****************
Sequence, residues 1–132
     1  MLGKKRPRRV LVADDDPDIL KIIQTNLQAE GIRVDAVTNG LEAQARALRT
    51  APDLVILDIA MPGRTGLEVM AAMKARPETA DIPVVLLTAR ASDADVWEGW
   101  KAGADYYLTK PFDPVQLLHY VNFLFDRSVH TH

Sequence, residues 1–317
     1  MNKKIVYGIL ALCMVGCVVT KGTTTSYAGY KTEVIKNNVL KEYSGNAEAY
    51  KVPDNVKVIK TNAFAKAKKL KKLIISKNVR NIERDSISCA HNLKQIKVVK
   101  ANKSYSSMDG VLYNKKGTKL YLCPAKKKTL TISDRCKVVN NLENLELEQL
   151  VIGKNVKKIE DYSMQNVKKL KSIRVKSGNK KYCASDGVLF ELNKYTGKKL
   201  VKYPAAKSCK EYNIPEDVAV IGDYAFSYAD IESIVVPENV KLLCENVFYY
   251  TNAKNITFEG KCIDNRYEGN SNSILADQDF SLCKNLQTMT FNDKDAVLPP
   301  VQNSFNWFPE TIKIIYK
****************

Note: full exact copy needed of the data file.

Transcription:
Sequence, residues 1–132
     1  MLGKKRPRRV LVADDDPDIL KIIQTNLQAE GIRVDAVTNG LEAQARALRT
    51  APDLVILDIA MPGRTGLEVM AAMKARPETA DIPVVLLTAR ASDADVWEGW
   101  KAGADYYLTK PFDPVQLLHY VNFLFDRSVH TH

Sequence, residues 1–317
     1  MNKKIVYGIL ALCMVGCVVT KGTTTSYAGY KTEVIKNNVL KEYSGNAEAY
    51  KVPDNVKVIK TNAFAKAKKL KKLIISKNVR NIERDSISCA HNLKQIKVVK
   101  ANKSYSSMDG VLYNKKGTKL YLCPAKKKTL TISDRCKVVN NLENLELEQL
   151  VIGKNVKKIE DYSMQNVKKL KSIRVKSGNK KYCASDGVLF ELNKYTGKKL
   201  VKYPAAKSCK EYNIPEDVAV IGDYAFSYAD IESIVVPENV KLLCENVFYY
   251  TNAKNITFEG KCIDNRYEGN SNSILADQDF SLCKNLQTMT FNDKDAVLPP
   301  VQNSFNWFPE TIKIIYK